The Story of the Young Maiden and her Step-mother the Demon.
ONCE upon a time there was a widow who had only one child, a girl, and all her possessions (goods and chattels) consisted of a flock of sheep.
When the girl grew up, the mother sent her with the flock, and told her at the same time to put on a man's clothes and not to speak to anyone in the manner of women.
The girl did as she was told, and fed the flock for a long time. One day, however, she was in the forest, where a young boy also fed his flock. But he was not the son of man; he was the son cf the serpent (dragon). How was she to know it? And even if she had known it, what good would it be to her, seeing that she did not know what a dragon or a she-dragon was?
Regarding him as a shepherd like herself, she began talking to him, and the whole day they went together with their flocks. When the young dragon came home in the evening, he told his mother, "I think that he with whom I spent the day is not a man in spite of the clothes but a woman, but he does not seem to have a woman's voice. Would it not be better if I brought him here, and you might then tell me whether it is a man or a woman, for if she be a woman, I should like to have her as my wife. I have not yet seen in the whole world one more beautiful." "Go," said the mother, "bring him. If he be a man, he will return safely from us, but if she be a woman, then thine shall she be."
On the next day, meeting the daughter of the widow, they fed their flocks together, and in the evening, when they were to separate, he asked the girl to spend the night at his house. The girl, not thinking aught evil, and being somewhat far away from her own house, accepted his invitation and went with him. What did the she-dragon do when she saw her coming? She went out to meet her and engaged her in conversation. Then she turned to her son and spoke to him, but in a foreign tongue. She told him to put a flower under the pillow of his companion, and if in the morning the flower will be faded, for sure then she is a girl; otherwise the flower would remain fresh. So he did. The girl, seeing that they talked in a foreign tongue, understood that they were talking about her, and determined to watch and see. No sooner had she gone to bed than she began to snore, as if she had fallen fast asleep, but she did not sleep. Her hosts, thinking her fast asleep, got up, went on tip-toe into the garden, and, taking a carnation in full flower, put it under her pillow and fell asleep.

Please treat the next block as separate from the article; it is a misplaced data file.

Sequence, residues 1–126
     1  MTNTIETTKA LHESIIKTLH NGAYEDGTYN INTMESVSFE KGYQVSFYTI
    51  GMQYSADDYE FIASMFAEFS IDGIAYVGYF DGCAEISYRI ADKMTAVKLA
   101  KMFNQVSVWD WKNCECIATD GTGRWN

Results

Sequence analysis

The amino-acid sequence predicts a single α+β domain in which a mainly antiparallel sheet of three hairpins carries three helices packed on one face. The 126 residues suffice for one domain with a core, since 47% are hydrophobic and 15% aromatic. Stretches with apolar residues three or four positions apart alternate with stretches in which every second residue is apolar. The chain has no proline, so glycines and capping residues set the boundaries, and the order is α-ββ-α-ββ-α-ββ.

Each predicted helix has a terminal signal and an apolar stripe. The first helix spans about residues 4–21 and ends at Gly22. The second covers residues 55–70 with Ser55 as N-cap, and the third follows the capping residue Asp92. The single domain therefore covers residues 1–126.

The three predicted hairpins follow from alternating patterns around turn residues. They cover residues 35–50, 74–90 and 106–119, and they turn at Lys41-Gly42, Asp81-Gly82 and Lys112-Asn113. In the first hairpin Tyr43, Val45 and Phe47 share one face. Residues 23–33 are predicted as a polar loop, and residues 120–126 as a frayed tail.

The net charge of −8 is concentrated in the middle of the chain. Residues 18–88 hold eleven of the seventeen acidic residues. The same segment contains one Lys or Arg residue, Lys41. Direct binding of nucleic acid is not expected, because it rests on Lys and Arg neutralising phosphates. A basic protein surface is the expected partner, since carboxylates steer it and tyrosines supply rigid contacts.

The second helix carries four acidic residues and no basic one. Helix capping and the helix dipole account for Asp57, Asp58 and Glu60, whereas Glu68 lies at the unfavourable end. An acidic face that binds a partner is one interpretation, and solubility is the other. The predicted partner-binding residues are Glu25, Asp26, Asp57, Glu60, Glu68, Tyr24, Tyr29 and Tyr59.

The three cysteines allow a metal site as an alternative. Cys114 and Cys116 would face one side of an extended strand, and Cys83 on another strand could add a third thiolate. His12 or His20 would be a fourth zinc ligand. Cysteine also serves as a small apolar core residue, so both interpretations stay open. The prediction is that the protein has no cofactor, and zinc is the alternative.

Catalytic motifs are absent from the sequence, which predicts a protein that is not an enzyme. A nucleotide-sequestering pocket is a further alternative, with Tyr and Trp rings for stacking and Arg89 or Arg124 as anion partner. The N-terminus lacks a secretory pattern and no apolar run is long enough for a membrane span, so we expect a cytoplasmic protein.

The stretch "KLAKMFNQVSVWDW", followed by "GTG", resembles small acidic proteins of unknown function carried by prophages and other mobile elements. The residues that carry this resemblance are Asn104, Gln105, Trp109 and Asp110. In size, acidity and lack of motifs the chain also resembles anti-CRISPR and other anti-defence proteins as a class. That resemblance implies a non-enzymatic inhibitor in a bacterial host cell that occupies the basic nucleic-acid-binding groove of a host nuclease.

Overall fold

The girl, feeling that something had been put under her pillow, understood that something was wrong. So she got up and took out of her bag a charmed mirror by which to undo the sorcery of her hosts. No sooner had she taken out her mirror, than the dragon-mother woke up, and, running quickly to the bed, found the flower faded, to her own great joy and that of her son. What was the girl to do now? She could not deny that she was a girl. So she began to speak with a woman's voice. The young dragon then insisted on her marrying him, but she said, if he insisted on taking her she would neither speak to him nor kiss him. The young dragon, more in a joke, took her in his arms and squeezed her so tight that her face got swollen and her eyes almost started out of her head. She then changed herself into an insect and ran to the door to get out from under the threshold. But the old dragon took a knife and slashed her across the body when she had crept half-way out of the house, so that she nearly cut her in twain. Her luck was that just a little flesh remained by which the other part of the body was kept hanging on, and thus she has remained to this very day, for she became the ant.
The first part of this story agrees in the main with the first part of the swallow story, No. 87. It is another example of the transfer of a story from one object to another, like the story of the woodpecker and the pelican. (Cf. also the slashing of the bee in the stories, No. 1 ff.)
Popular belief is that the ant is the grandchild (niece nepoata) of God, and the handmaid of the Virgin, although I have not yet been able to find the legend upon which this belief rests. The ant must not be molested, for the Virgin sighs as often as an ant is killed.
The red ant comes from the tears shed by St. Mary over the grave of Christ.
The ant is used as a remedy against toothache by boiling it together with the earth of its nest and rinsing the mouth with the water (which thus contains the well-known arnica of the pharmacopoeia).
Why is the ant cut in the middle?
Rumanian Bird and Beast Stories
Sidgwick & Jackson
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